18. The apparatus of claim 17, further comprising:
an application programming interface (API) to receive a request for searching the service from an application, the request including an identifier identifying the service being searched; and
a service discovery unit coupled to the API to generate the second bitmask based on identifier identifying the service being searched and to pass the second bitmask to the wireless processing unit and wherein the wireless environment provides communication between devices which are compatible with an IEEE 802.11 standard.
19. The apparatus of claim 18, wherein the wireless processing unit is further configured to:
establish a session connection with the remote device over the wireless network, if it is determined that the remote device is potentially capable of providing the service being searched, and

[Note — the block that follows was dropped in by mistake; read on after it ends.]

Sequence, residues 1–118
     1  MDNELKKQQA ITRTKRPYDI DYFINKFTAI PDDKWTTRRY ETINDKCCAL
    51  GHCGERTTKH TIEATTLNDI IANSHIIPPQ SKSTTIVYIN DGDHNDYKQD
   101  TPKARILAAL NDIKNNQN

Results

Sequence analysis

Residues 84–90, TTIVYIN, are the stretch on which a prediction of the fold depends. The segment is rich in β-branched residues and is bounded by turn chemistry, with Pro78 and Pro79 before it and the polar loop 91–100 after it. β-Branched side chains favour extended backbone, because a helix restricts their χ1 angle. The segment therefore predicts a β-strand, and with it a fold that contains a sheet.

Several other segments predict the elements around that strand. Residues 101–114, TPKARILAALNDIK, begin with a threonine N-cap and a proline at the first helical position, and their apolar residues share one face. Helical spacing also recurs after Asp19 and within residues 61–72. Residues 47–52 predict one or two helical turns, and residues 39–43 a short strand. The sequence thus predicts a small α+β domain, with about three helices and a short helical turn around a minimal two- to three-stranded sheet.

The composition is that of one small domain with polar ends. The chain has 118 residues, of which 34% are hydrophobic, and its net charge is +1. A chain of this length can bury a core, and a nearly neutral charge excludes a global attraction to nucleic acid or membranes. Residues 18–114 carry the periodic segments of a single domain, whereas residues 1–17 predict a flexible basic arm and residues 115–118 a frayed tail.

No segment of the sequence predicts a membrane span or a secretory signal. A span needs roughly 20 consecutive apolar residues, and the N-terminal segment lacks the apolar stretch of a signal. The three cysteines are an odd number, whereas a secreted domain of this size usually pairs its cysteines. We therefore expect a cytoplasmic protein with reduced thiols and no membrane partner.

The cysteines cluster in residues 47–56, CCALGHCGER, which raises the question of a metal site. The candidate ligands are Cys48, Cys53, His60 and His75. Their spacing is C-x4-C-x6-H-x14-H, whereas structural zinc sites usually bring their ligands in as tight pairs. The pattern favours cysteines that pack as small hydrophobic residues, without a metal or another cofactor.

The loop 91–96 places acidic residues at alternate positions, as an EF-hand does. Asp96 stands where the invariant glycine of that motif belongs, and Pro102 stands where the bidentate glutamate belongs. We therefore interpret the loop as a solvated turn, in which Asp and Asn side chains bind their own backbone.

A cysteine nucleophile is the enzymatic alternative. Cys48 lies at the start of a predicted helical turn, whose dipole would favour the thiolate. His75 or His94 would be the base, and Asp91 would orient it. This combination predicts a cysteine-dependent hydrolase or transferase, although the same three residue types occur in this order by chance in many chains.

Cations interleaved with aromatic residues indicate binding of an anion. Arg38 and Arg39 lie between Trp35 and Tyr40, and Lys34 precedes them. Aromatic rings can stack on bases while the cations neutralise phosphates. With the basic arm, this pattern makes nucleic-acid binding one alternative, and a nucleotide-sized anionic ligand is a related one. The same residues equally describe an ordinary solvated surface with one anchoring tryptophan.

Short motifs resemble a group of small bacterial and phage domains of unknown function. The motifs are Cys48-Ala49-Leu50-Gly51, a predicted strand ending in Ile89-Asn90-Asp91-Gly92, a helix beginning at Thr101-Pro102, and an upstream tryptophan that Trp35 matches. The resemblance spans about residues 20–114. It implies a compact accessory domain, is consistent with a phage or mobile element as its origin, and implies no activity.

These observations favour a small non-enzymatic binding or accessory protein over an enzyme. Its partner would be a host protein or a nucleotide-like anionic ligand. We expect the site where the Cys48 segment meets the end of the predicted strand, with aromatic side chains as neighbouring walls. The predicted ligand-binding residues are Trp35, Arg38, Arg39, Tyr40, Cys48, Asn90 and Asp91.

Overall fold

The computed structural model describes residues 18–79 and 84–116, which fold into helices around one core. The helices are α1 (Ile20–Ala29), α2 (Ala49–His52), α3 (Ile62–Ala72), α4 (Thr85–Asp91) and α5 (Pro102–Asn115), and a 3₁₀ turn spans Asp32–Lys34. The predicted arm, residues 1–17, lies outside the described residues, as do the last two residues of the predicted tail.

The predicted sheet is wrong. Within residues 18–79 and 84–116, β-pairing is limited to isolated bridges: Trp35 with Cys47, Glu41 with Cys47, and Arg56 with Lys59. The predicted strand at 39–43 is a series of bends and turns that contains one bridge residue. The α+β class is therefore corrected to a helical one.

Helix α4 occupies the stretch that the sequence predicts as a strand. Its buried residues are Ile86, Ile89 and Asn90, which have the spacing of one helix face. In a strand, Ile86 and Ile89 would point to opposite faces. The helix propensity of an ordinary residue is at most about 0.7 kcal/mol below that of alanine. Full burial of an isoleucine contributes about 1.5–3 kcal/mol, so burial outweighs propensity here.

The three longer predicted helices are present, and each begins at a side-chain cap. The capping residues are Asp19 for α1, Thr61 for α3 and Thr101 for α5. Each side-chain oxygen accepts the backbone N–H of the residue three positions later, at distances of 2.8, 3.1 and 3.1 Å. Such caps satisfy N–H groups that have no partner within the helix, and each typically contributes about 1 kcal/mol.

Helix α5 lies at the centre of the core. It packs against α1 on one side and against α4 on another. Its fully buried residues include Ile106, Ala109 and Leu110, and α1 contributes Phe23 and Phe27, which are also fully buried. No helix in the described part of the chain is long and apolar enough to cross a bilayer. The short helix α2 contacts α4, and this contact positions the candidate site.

receive one or more key/value pairs from the remote device over the session connection, each key/value pair corresponding to a bit of the first bitmask having the predetermined logical value.
20. A machine-implemented method for advertising a service in a wireless environment, the method comprising:
generating a key/value pair based on an identifier of a service to be advertised by a local device;
performing a hash operation on a key of the key/value pair to generate a bitmask, the bitmask including a bit having a predetermined logical value; and
in response to an inquiry message from a remote device over a wireless network for searching for a service, transmitting the bitmask to the remote device over the wireless network to allow the remote device to determine whether the local device is potentially capable of providing a service being searched based on the bitmask.